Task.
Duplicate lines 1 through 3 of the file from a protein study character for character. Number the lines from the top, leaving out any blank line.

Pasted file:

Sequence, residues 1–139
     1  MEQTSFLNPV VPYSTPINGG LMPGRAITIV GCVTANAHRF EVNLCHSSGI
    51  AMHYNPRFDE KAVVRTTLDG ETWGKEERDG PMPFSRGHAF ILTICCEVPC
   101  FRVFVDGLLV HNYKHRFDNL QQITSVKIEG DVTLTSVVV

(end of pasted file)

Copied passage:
Sequence, residues 1–139
     1  MEQTSFLNPV VPYSTPINGG LMPGRAITIV GCVTANAHRF EVNLCHSSGI
    51  AMHYNPRFDE KAVVRTTLDG ETWGKEERDG PMPFSRGHAF ILTICCEVPC